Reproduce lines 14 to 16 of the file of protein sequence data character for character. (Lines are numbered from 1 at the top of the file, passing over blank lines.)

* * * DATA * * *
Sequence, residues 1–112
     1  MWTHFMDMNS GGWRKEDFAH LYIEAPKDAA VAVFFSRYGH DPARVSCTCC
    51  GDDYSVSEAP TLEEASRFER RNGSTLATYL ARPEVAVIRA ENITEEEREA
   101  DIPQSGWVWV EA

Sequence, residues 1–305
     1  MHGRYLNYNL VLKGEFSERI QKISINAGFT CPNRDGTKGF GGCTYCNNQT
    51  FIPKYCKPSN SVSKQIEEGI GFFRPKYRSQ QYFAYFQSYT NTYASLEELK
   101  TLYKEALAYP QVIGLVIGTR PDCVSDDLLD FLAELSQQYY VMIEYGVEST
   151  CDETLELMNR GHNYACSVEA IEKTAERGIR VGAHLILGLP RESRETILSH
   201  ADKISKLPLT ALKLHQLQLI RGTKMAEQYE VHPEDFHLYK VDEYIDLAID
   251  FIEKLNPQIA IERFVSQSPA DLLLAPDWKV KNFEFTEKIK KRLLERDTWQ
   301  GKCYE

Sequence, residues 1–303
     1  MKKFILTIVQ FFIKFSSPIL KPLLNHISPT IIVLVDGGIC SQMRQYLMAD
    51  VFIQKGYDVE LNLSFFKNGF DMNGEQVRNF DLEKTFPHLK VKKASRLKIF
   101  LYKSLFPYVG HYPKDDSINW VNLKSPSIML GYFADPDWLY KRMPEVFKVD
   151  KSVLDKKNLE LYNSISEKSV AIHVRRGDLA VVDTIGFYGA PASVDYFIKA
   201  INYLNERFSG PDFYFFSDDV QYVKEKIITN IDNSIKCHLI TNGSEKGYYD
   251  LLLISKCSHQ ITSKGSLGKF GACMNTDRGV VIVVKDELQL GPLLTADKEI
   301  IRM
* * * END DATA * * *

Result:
     1  MKKFILTIVQ FFIKFSSPIL KPLLNHISPT IIVLVDGGIC SQMRQYLMAD
    51  VFIQKGYDVE LNLSFFKNGF DMNGEQVRNF DLEKTFPHLK VKKASRLKIF
   101  LYKSLFPYVG HYPKDDSINW VNLKSPSIML GYFADPDWLY KRMPEVFKVD